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CIO 2019 Offers Dramatic Learning Opportunities With “Case Saves and Complications”

CIO 2019 Offers Dramatic Learning Opportunities With “Case Saves and Complications”

10/12/2019

“Interventional oncology is a field of medicine where miracles happen for patients all the time.”

Sunday, October 13, 2019 (Miami, FL): The Symposium on Clinical Interventional Oncology (CIO) concluded three full days of education with a final session sharing dramatic interventional oncology cases. Nine faculty members presented in a session entitled “Outside Your IO Comfort Zone: Learning from Our Saves and Complications”, sharing both catastrophic complication and miraculous save cases. 

Case presenters included Drs. Ziv J. Haskal, Alex Powell, Yolanda C. Bryce, Yasuaki Arai, Siddharth Padia, Raul N. Uppot, Isabel Newton, A. Nick Kurup, and Alessandro Lunardi.

Dr. Ziv Haskal shared a case of tumoral rupture after transarterial chemoembolization (TACE), leading to intraabdominal hemorrhage, additional embolization and decompensating liver function, and some perspectives on intratumoral extravasation with and without rupture and impact on patient outcomes. A second case described cardiac arrest during a case of drug-eluting embolic agent (DEE)-TACE with lipiodol and histopathologic explanation of the unusual cause.

Presenting on “Complication after Breast Cryoablation” in a 91-year-old female suffering dementia and with palpable left breast cancer, Dr. Yolanda Bryce discussed the impact on this case of an initial telemedicine exam versus the pre-procedure in-person exam. She said, “As we move forward with technology to make everything easier, and faster, and more convenient, let's not forget the foundations of good ‘old-fashioned’ medicine.” Dr. Bryce emphasized that “the physical exam of a patient is irreplaceable.”

Dr. Yasuaki Arai shared the “miraculous save” of a male in his 50s with poor renal function. In this case, bleeding occurred after a percutaneous liver biopsy. The blood vessel where the needle was inserted was embolized, but the bleeding continued. Ultimately, embolization of additional blood vessels, including the right hepatic artery, was also required. The lesson from this case? Dr. Arai noted, “The criminal is not always who (or what) you suspect. We should think the unthinkable (or expect the unexpected).”

Dr. Siddharth Padia discussed the case of a failed Y-90 radioembolization for a patient with liver cancer, due to portal venous shunting secondary to prior biopsy. However, a rescue strategy was created, which eventually achieved an optimal outcome, and the patient was successfully downstaged to liver transplant. He commented, “Occasionally, one must deviate from accepted guidelines and be  come up with creative solutions in order to adequately target tumors for treatment.”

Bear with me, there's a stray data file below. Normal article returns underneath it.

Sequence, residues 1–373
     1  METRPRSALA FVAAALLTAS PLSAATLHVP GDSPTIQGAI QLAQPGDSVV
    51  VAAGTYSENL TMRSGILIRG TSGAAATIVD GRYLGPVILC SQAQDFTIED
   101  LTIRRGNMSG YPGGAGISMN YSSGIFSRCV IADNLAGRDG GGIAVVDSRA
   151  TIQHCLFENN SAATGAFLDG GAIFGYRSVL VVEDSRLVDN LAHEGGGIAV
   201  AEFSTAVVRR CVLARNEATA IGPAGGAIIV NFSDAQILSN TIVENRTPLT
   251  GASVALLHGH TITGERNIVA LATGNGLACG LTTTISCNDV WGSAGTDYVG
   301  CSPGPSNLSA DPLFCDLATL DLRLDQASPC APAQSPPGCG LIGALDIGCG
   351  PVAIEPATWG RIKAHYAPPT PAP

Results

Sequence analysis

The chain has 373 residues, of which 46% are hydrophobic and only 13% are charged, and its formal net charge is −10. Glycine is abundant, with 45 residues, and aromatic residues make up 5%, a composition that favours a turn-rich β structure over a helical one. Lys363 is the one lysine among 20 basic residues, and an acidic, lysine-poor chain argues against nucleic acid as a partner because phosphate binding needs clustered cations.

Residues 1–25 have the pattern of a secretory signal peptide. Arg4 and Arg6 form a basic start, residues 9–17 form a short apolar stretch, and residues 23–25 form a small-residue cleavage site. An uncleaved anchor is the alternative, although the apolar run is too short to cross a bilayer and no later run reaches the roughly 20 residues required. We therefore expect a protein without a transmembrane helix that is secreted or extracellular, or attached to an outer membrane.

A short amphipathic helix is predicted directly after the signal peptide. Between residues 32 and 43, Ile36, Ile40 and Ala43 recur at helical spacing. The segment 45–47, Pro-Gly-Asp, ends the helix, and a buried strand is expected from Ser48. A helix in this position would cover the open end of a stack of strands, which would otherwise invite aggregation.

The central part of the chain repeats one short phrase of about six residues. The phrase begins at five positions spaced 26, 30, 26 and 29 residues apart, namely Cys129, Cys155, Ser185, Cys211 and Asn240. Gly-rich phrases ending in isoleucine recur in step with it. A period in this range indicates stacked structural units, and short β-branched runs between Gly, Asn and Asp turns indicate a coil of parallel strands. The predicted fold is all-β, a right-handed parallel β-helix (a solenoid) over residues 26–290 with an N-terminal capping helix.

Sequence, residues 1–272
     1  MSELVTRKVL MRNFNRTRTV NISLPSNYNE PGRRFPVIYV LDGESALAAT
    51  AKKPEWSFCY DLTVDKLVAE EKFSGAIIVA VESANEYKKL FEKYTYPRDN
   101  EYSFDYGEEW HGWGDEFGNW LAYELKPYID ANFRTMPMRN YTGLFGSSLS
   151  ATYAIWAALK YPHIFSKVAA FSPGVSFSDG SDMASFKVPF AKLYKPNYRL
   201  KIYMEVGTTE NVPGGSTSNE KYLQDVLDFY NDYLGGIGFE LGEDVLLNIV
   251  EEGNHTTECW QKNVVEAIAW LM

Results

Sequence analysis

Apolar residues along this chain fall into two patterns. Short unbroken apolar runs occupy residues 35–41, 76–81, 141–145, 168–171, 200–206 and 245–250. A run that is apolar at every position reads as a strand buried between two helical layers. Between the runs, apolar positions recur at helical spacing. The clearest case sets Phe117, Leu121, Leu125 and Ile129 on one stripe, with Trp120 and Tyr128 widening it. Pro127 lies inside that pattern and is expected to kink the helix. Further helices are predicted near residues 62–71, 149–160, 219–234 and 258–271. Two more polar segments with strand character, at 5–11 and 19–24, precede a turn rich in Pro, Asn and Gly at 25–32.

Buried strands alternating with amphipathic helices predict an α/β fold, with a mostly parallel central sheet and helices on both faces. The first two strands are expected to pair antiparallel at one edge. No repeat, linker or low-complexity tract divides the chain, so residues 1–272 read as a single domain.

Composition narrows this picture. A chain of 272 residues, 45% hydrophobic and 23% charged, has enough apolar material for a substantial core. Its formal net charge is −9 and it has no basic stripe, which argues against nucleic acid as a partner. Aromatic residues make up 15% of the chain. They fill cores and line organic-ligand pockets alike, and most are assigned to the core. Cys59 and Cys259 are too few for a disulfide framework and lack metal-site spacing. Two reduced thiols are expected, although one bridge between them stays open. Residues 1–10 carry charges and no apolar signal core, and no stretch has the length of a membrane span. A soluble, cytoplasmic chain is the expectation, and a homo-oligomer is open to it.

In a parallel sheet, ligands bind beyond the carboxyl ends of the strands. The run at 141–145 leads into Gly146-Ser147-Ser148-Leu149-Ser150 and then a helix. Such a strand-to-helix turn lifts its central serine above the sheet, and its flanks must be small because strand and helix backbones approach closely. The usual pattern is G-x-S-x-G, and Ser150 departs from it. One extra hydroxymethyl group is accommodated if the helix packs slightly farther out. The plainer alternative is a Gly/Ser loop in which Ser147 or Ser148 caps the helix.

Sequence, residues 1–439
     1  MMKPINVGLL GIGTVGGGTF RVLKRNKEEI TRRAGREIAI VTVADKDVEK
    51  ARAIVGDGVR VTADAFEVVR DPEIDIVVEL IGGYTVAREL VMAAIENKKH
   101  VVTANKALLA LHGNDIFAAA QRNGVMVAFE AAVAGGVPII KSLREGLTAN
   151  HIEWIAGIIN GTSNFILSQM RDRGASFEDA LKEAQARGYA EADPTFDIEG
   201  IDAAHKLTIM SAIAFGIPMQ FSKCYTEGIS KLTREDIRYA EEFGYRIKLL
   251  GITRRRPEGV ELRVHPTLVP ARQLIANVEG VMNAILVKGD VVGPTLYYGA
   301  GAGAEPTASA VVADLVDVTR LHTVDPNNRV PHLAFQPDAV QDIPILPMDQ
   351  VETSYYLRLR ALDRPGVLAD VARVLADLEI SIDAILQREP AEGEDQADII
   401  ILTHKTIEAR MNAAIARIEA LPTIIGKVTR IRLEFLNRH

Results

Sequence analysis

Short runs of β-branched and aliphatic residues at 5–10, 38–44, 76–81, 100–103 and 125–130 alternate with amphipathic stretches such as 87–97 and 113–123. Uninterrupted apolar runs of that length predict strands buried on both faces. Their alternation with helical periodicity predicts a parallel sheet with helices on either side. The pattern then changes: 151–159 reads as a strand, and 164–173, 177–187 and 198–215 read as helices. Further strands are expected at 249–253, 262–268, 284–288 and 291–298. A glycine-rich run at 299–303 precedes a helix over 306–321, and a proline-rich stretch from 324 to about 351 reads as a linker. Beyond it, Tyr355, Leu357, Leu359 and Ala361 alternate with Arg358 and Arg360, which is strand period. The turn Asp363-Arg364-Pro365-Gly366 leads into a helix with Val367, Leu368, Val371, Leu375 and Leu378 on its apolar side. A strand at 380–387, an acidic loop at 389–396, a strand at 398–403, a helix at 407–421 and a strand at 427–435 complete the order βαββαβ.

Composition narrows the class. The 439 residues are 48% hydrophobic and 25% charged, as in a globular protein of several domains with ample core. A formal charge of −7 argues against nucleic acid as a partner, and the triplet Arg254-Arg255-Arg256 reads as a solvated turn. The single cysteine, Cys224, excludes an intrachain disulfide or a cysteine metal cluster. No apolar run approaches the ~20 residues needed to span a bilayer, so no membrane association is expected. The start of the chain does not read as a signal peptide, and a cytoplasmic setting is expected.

Dr. Raul Uppot shared the case of a patient with a 12 cm metastatic renal cell cancer tumor in his right pelvis. The patient was not a surgical candidate, and was having pain and difficulty walking as a result of this growing mass. For this “miraculous save”, the tumor was first embolized due to its vascularity. Then in the same angio suite, using cone beam computed tomography (CT), multiple cryoprobes were placed into the tumor to freeze and debulk the tumor. Over the course of the next four years, the tumor became devascularized and gradually shrank to be about 2 cm wide. The patient’s pain resolved, his walking improved his overall energy level, and outlook for his life improved. “The lesson from this case,” said Dr. Uppot, “is that minimally invasive tools including embolization and ablation can be used to debulk large tumors that would be too extensive for surgery.”

Dr. A. Nick Kurup shared a catastrophic case of air embolism complicating lung ablation. Excess positive airway pressure led to air escaping into the pleural cavity, subcutaneous tissues, and arterial system. Dr. Kurup noted, “We must watch our images closely and be aware of potential complications in order to react quickly and calmly for our patients.” As a great save, he presented a case of a large melanoma bone metastasis treated with displacement and monitoring to avoid nerve injury with long-term — now over 5-year — survival of the patient.  “Interventional oncology is a field of medicine where miracles happen for patients all the time,” he said.

About the Symposium on Clinical Interventional Oncology (CIO)

Renowned for its originality, practicality, and focus on improving patient care, CIO, an HMP event, highlights the most viable and sought-after treatments in the rapidly expanding field of interventional oncology. CIO is led by course directors Ripal Gandhi, MD; Ziv Haskal, MD; Constantino Peña, MD; Daniel Sze, MD; and Alda Tam, MD. The program contains a mix of didactic lectures, case presentations and debates between experts, hands-on workshops, and pre-recorded cases woven together with audience interactivity through polling and question and answer sessions. For more information, visit theiomeeting.com.

About HMP 

HMP is the force behind Healthcare Made Practical – and is a multichannel leader in health care events and education, with a mission to improve patient care. The company produces accredited medical education events and clinically relevant, evidence-based content for the global health care community across a range of therapeutic areas. Its brands include Consultant360, the year-round, award-winning platform relied upon by primary care providers and other specialists; Psych Congress, the largest independent mental health meeting in the U.S.; EMS World Expo, North America’s largest EMT and paramedic event; and the Symposium on Advanced Wound Care (SAWC), the largest wound care meeting in the world. For more information, visit hmpglobal.com.

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